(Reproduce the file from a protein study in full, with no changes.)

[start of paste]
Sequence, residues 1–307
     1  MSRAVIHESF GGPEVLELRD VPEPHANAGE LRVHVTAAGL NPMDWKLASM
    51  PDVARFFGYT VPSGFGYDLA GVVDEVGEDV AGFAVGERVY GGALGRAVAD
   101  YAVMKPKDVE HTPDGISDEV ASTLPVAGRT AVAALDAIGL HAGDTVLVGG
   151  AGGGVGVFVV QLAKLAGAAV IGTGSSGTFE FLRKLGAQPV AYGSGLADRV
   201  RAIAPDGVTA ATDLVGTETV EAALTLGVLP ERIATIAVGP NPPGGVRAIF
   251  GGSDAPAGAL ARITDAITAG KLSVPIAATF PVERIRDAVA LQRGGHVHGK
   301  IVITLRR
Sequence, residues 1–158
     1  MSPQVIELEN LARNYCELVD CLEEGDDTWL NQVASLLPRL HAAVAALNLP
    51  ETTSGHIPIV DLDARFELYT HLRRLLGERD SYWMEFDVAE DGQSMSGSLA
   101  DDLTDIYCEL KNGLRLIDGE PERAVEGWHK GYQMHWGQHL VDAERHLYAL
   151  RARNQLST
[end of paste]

Sequence, residues 1–307
     1  MSRAVIHESF GGPEVLELRD VPEPHANAGE LRVHVTAAGL NPMDWKLASM
    51  PDVARFFGYT VPSGFGYDLA GVVDEVGEDV AGFAVGERVY GGALGRAVAD
   101  YAVMKPKDVE HTPDGISDEV ASTLPVAGRT AVAALDAIGL HAGDTVLVGG
   151  AGGGVGVFVV QLAKLAGAAV IGTGSSGTFE FLRKLGAQPV AYGSGLADRV
   201  RAIAPDGVTA ATDLVGTETV EAALTLGVLP ERIATIAVGP NPPGGVRAIF
   251  GGSDAPAGAL ARITDAITAG KLSVPIAATF PVERIRDAVA LQRGGHVHGK
   301  IVITLRR
Sequence, residues 1–158
     1  MSPQVIELEN LARNYCELVD CLEEGDDTWL NQVASLLPRL HAAVAALNLP
    51  ETTSGHIPIV DLDARFELYT HLRRLLGERD SYWMEFDVAE DGQSMSGSLA
   101  DDLTDIYCEL KNGLRLIDGE PERAVEGWHK GYQMHWGQHL VDAERHLYAL
   151  RARNQLST